Still, I wasn’t sold on business school at all (European OR American) until I discovered IMD—through Business Week’s rankings, incidentally! Between its dominant focus on leadership development, incredibly experienced and internationally diverse students, and use of international consulting projects for real world learning, I was hooked.
Did you apply to American MBA programs? If so, which? If not, why?
Although I considered Stanford GSB (specifically its Certificate in Global Management specialization) and the Lauder program at Wharton, I applied only to IMD. Had I not been admitted to IMD there still would have been time to apply to American schools and I probably would have applied to Stanford. Its entrepreneurial focus and proximity to Napa Valley would have been a good fit for me. However, as I considered my IMD acceptance offer in October of 2007, the choice between re-entering the job market in December of 2008 (IMD) versus May of 2010 (Stanford) really wasn’t much of a decision at all. As I mentioned earlier, I’m a sprinter.
How do you think an MBA from a European school will give you a leg up careerwise?
There are certainly pros and cons to having an MBA from a European school. As mentioned earlier, the European schools are certainly less well known in the US than are the American schools. However, my goal in this adventure isn’t to have a degree from a “prestigious” school; it is to develop myself, my skills, and my international exposure. At IMD I work with psychologists, coaches, and faculty to develop my leadership skills in an intensely personalized way. I spend the better part of 100 hours a week with a student body that is 90% non-American. I will spend almost half of my MBA studies working on projects for leaders of non-American companies and governments. These are opportunities that no American school can offer me.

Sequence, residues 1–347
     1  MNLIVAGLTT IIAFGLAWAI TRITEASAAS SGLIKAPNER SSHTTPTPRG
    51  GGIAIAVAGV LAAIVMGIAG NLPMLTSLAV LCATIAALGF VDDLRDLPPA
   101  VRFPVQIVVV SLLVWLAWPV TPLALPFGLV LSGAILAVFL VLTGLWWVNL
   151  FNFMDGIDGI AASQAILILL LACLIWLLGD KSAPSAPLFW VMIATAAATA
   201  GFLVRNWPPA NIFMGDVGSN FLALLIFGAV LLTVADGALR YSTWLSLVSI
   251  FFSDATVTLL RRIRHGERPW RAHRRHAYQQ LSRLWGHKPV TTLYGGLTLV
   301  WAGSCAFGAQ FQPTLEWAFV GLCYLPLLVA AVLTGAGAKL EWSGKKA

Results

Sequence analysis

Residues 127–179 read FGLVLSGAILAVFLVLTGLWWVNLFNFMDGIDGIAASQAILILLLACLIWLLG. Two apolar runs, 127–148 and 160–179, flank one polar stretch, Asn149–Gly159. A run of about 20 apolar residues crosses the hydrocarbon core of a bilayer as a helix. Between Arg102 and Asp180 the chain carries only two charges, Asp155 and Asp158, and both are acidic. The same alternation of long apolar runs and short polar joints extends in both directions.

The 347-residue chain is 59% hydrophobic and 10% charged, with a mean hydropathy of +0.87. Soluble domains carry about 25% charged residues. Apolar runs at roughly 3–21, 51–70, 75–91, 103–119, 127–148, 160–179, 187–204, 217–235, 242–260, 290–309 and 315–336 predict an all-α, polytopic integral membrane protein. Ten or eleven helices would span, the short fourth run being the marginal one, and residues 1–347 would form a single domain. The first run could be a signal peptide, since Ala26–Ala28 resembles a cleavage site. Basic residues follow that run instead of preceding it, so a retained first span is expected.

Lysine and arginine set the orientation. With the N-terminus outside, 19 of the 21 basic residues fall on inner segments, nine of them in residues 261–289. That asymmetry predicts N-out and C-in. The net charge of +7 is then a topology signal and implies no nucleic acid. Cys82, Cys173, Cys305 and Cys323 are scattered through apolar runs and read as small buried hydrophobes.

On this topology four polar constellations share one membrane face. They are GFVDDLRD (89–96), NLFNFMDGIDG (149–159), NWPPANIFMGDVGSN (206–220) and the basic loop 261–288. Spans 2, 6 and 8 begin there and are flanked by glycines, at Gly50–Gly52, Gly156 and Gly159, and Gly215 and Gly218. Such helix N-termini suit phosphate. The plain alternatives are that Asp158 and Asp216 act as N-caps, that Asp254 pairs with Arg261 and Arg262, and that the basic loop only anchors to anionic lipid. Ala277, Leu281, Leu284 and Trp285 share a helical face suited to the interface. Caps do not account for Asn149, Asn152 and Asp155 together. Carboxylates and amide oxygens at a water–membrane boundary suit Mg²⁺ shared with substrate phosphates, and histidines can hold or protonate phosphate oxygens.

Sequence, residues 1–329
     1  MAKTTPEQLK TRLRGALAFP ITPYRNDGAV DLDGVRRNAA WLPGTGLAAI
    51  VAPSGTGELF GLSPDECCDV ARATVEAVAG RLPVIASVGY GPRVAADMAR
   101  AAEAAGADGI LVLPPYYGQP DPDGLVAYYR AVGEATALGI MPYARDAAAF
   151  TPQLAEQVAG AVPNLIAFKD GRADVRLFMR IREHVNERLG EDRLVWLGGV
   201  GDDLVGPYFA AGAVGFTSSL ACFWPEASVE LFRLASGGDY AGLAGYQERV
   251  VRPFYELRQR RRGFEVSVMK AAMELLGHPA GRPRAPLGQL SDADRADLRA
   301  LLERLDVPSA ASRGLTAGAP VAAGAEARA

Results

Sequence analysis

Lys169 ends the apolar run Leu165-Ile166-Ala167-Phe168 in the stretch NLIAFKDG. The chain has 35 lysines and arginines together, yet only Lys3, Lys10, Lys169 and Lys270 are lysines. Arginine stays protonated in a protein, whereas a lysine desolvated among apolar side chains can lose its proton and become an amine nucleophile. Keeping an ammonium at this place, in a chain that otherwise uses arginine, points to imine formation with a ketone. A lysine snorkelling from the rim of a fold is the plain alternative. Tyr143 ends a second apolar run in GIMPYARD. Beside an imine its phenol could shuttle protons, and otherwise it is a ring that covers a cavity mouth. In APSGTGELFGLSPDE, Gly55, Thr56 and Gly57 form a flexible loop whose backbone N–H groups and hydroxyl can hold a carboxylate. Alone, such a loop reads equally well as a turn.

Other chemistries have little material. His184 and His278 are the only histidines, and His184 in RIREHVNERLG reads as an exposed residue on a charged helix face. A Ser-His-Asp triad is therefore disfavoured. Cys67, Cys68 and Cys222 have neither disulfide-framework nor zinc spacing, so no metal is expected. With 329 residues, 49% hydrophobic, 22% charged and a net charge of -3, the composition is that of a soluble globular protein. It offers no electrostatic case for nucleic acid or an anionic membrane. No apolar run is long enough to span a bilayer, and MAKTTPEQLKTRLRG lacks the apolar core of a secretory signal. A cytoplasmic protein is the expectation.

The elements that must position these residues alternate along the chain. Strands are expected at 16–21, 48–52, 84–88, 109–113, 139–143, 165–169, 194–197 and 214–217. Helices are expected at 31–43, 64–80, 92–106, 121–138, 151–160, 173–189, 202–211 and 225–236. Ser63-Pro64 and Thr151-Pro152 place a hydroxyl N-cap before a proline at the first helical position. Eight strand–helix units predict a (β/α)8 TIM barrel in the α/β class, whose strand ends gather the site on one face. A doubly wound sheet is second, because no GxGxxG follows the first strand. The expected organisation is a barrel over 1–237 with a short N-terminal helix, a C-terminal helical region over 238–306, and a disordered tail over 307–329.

The question remains, though: “Why is international experience so important and how will it give me a leg up careerwise?” Not to sound cliché, but we live in an increasingly global world. Teams span continental boundaries and the actions of an organization in one country may immediately impact organizations, people, or the environment in another country. It is absolutely crucial for our leaders to lead with global perspective; leading unilaterally is simply unsustainable. “Global perspective” is a great buzz word but it isn’t something that can be learned in a book or weekend seminar; it must be won through experience. As the generation of my parents retires, there will be an incredible opportunity for those in my generation to step up and fill leadership positions. Global perspective will be among the most prized attributes of leaders sought to fill those positions.
What are your career goals?
My two major interests are leadership and entrepreneurship, both of which I have been practicing in various ways since I was a child. My professional career so far has focused on starting up small software companies in the US, which has been an incredible experience. After my MBA I anticipate focusing on executive leadership, although ideally in an entrepreneurial, innovative environment, whether that be again with start-ups or with new ventures in established companies. My long-term plan is to be CEO of a truly world-changing company in the IT, renewable energy, nanotechnology, or spaceflight industries. That said, I would settle for something a little less “world-changing” as long as it were in the wine industry! 😉
These responses were longer than intended and I should really be reading cases right now, but hopefully this gives you some context for my thinking. Have a good morning and I look forward to our call in the afternoon.”